Simon Turner reviews Generation Txt (Penned in the Margins, 2006), 75 pp. £6.99 ISBN 978-0-9553846-1-5
Tom Chivers, who edited this anthology of six young poets, opens his introduction to the selection in combative mode with a quote from Kate Clanchy that is almost parodically idiotic: "I started writing when I was 28. I don't think people really write anything worth reading before that." Mr Chivers is clearly more forgiving than I am - he is Darth Vader to my Emperor Palpatine - as he doesn't make the obvious comment ("Yes, Kate, and some people don't write poetry worth reading even after they're 28"), letting a list of young prodigies - including Keats, Shakespeare, Wilfred Owen, Chatterton and Plath - do the talking for him.
The basis of Chivers' polemic is simple, but undeniable: that the establishment, although making some notional nods to new writers every few years or so, goes out of its way for the most part to ignore work written by younger writers. And when it does make tokenistic efforts to promote 'new' writing (witness the PoSoc New Gen poets promotional bumph from all those years back) it spectacularly misreads what 'new' actually means. Young writers do flourish, but it's on the fringes of the poetry 'scene': in the poetry slam and open mic circuits, or amongst little presses or internet operations, like Penned in the Margins, strangely enough. As such, this collections isn't doing anything monstrously ground-breaking, but what is interesting is its all-purpose quality, and the multimedia brouhaha which goes with it: not only do we have the anthology itself (more on the contents in a moment), we have the nationwide tour, a MySpace page, and an official website too. It's certainly far more real - and far more effective - as a means of conveying the work to the public than the media-saturated razzle dazzle of the approved Faber and Bloodaxe types who dominated the New and Next Gen lists; and what's more, it gives us both page and performance poetries, closing the gap between the two, which can only be a good thing.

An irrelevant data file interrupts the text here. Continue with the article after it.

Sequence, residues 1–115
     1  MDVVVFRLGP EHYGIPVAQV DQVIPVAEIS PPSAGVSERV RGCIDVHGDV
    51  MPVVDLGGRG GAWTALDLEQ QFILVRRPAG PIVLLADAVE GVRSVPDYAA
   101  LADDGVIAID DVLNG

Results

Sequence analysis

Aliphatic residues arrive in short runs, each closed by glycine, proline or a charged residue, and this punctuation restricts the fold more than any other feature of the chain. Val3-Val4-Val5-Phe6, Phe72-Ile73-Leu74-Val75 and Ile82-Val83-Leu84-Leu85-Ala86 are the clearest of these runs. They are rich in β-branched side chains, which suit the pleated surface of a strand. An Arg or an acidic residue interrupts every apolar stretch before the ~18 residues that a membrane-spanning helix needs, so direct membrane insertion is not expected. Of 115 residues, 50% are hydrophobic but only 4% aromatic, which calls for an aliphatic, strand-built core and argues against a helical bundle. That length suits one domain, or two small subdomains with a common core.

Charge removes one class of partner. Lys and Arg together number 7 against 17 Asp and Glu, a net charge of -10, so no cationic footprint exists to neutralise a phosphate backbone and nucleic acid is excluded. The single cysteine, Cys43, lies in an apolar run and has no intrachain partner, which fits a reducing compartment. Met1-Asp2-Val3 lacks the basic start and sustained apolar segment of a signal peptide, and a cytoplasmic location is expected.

What's most impressive, though, is the genuine (formal) diversity on display here. Joe Dunthorne, who opens the anthology, gives us sestinas and villanelles; Inua Ellams gives us great rolling hymns of poems designed for the open space of the theatre; James Wilkes has his postcards and vertical poems; Abigail Oborne has her square sonnets and fractured herky-jerky prose poems. So, what of the work itself? Dunthorne's a nice opener, with a strong line in knotty language and rhythmic solidity:
Rubens milks filth from the bib-heavy maid's basket
of fruit. No ambiguity here as the hand of a cad
with a ya-know-ya-would smirk parts the labia
of a clit-stoned fig. I'm thinking Viz.
('Rubens' paintings at the National Gallery')
Lovely, mouth-filling stuff; the reference to Viz really makes the passage, I feel. Though this quote strangely points to both Dunthorne's strengths and his weaknesses simultaneously; and whilst he's assured when employing this highly wrought idiom, his work seems more fulfilling when he tones it down a little, as in the likable poem that closes his selection, 'Taking a Photo of Workmen in Chapelfields Gardens', or the strange surrealist narrative of 'I Made a Grown Woman Cry Last Night'. One of his poems contains jellyfish, which is always a gold star in my book.
Inua Ellams' material would, I suspect, work best in performance, as on the page some of its rhetorical flourishes and alliterative effects didn't quite achieve lift off for this reader. That said, there's a lot of power and passion in these poems, and the best of his selection - 'Epic', 'Lizards and Lollypop Sticks' - achieves a cumulative force reminiscent of Ginsberg circa-'Sunflower Sutra', or the performance poetry of Saul Williams.